Work by artists and Fluxers Alex Wolkowicz, Angela Washko, Annie Reichert, Ayden Grout, Ben Seretan, Caitlin Foley, Daupo, Douglas Paulson, Ellen Kleckner, Jacobus Capone, Jaime Iglehart, John Roach, Jonah Levy, Julius Schmiedel & Nick Normal, Lena Hawkins, Misha Rabinovich, Nick Cregor, SP Weather Station, Stephanie Avery, and Wieteke Heldens.
Curated by Jean Barberis, Aliya Bonar, Jason “Phunquey” Brown, Jason Eppink, Shona Masarin, Georgia Muenster, Douglas Paulson, Sam Perry, Nat Roe, Christina Vassallo



1030 Metropolitan Avenue
Bushwick / Ridgewood
7:00 PM - 11:00 PMWebsite

CLOAQUE.MOV 2014 ::: Release Party + Closing

Cloaque is a self-defined digital landfill, where the Internet’s multitude of celestial GIFs get reconstructed into what looks like a mutant-made exquisite corpse. It mostly exists as a Tumblr, but this Saturday, curators Claudia Maté and Carlos Sáez have asked several artists to create 40-second-long videos, joined together in the same format as the Cloaque Tumblr. The results might look something like this.

Presenting artists include Jeremy Coullard, Brenna Murphy, Nicolas Sassoon, Sara Ludy, Jakko Pallasvuo, Carlos Sáez, and Golgotha. Music by Oliver Dias.

Socrates Sculpture Park

43-29 Crescent Street in Court Square,
Long Island City
10:00 AM - 6:00 PMWebsite

Backyard Pool

Tamara Johnson has created a non-functional backyard pool for LIC. If you dive in, you’ll get a huge, grass-covered bump on your head. That’s pretty accurate to what most New Yorkers get—no backyard swimming holes—but Tamara Johnson’s from Texas where everyone seems to have their own above-ground pool. This is her version of what happens when you try to blend Texas and New York summer lifestyles.



124 South 3rd Street
5:00 PMWebsite


Sundance describes Trent Harris’s films as “Nancy Drew on acid.”That should give an incentive to see his newest film, Luna Mesa: In it, a photographer travels around the world deciphering a notebook filled with random symbols to try and uncover her boyfriend’s murderer. Expect an aimless, wandering narrative, a bit of absurd humor, and low-fi sci-fi.


Author:Henry Kaye Andrew Wagner

Million-Dollar Mistakes: Get Your Fake Rembrandt on eBay

Post image for Million-Dollar Mistakes: Get Your Fake Rembrandt on eBay

The alleged Rembrandt, signed RF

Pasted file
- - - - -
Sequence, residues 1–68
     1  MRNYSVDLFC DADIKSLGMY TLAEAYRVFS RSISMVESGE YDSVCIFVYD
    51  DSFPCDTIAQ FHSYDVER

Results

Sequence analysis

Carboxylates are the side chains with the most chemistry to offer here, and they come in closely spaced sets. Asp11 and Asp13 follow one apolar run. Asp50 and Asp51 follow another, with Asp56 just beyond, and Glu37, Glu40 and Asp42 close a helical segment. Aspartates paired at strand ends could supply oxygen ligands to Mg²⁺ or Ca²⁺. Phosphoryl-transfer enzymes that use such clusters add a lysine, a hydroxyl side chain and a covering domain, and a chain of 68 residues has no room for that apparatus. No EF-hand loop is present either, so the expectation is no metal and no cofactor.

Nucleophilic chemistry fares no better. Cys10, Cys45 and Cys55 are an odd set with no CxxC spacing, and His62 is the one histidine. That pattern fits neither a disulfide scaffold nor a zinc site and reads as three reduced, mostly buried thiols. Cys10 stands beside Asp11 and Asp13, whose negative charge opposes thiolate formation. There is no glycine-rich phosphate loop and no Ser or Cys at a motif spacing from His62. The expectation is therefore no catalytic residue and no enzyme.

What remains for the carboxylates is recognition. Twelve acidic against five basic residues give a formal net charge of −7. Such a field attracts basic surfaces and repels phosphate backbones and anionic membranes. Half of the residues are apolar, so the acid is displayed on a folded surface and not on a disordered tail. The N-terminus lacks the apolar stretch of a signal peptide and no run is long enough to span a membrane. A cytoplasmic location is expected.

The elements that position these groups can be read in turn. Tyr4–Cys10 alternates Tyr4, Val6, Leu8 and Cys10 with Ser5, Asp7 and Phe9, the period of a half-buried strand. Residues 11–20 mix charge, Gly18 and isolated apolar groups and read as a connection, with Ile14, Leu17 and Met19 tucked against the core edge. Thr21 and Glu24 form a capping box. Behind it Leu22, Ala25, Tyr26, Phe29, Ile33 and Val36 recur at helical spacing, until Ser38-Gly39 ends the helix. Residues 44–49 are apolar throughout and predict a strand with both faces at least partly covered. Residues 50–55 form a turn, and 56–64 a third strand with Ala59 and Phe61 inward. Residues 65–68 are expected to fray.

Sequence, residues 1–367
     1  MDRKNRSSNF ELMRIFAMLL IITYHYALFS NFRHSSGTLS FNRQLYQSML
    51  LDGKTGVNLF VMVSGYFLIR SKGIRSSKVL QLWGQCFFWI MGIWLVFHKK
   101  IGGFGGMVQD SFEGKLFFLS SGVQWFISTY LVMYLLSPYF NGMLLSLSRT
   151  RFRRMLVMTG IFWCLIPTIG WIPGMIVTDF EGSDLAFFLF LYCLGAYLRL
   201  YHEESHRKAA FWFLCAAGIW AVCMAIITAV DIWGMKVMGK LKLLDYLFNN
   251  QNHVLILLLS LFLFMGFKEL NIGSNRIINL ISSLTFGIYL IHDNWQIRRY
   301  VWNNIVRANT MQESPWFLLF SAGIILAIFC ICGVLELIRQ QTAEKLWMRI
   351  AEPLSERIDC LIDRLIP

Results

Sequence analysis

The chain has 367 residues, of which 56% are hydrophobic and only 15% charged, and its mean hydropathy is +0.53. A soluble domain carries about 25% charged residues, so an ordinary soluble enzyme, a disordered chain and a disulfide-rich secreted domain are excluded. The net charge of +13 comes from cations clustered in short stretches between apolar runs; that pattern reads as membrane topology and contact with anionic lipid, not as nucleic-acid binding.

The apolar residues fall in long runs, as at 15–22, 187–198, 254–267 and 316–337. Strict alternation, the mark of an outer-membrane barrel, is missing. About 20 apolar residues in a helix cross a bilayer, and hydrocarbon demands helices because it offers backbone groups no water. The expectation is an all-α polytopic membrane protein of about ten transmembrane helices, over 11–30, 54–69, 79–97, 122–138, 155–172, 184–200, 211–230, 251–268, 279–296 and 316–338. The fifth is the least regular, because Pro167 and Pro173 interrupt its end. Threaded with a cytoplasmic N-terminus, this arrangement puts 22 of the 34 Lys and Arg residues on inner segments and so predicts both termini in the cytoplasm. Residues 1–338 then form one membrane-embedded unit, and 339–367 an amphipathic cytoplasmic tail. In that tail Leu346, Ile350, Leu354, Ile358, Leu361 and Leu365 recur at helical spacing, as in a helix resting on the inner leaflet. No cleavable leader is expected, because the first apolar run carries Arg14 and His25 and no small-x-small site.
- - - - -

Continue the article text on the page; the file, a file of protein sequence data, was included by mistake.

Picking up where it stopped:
The alleged Rembrandt, signed RF

There are a ton of forgeries on the art market right now, and the Internet is (and always has been) just generally teeming with fraudulence. These two facts being said, any serious buyer would dismiss an old master being sold online as sketchy. But that doesn’t stop some people from trying to sell million-dollar mistakes online.

Take, for example, this Rembrandt being sold on eBay for $999,000 (with $185.81 for shipping fees) by a user under the name ukR10. Not much is known about this oil painting, except that it’s a portrait of the Evangelist Matthew signed, “Rf,” which in Latin is an abbreviation essentially meaning “Rembrandt made.”

In the item description, the seller has called upon the opinions of two professors to attest to the painting’s veracity—but both writers seem skeptical of the authenticity of the painting. At the very least, including written statements in which both experts express their doubts appears to be a bold move on the part of the seller.

Jean-Marie Clarke, an art historian who has been working with Rembrandt works for thirty years wrote that “the old man’s face is too well painted to be by the young Rembrandt, who, around 1630, was still working toward an accurate rendition of the human likeness.” This contradicts the format of the signature, which looks more like the autograph of a younger Rembrandt.  A second art historian, Gary Schwartz was more upfront: “The painting does not seem to have the quality that would convince art historians and collectors that it was made by Rembrandt. However, it is not un-interesting.”